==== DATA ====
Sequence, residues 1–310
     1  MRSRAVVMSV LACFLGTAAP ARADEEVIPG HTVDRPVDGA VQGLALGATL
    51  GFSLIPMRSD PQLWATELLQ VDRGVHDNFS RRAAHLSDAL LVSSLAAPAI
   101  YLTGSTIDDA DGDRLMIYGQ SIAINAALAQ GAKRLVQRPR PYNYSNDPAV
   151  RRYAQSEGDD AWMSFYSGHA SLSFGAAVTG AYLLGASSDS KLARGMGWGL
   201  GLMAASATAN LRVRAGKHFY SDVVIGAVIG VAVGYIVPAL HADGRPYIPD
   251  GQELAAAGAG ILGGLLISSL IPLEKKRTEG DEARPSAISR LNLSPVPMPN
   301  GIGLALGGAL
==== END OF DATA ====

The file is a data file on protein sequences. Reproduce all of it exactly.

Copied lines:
Sequence, residues 1–310
     1  MRSRAVVMSV LACFLGTAAP ARADEEVIPG HTVDRPVDGA VQGLALGATL
    51  GFSLIPMRSD PQLWATELLQ VDRGVHDNFS RRAAHLSDAL LVSSLAAPAI
   101  YLTGSTIDDA DGDRLMIYGQ SIAINAALAQ GAKRLVQRPR PYNYSNDPAV
   151  RRYAQSEGDD AWMSFYSGHA SLSFGAAVTG AYLLGASSDS KLARGMGWGL
   201  GLMAASATAN LRVRAGKHFY SDVVIGAVIG VAVGYIVPAL HADGRPYIPD
   251  GQELAAAGAG ILGGLLISSL IPLEKKRTEG DEARPSAISR LNLSPVPMPN
   301  GIGLALGGAL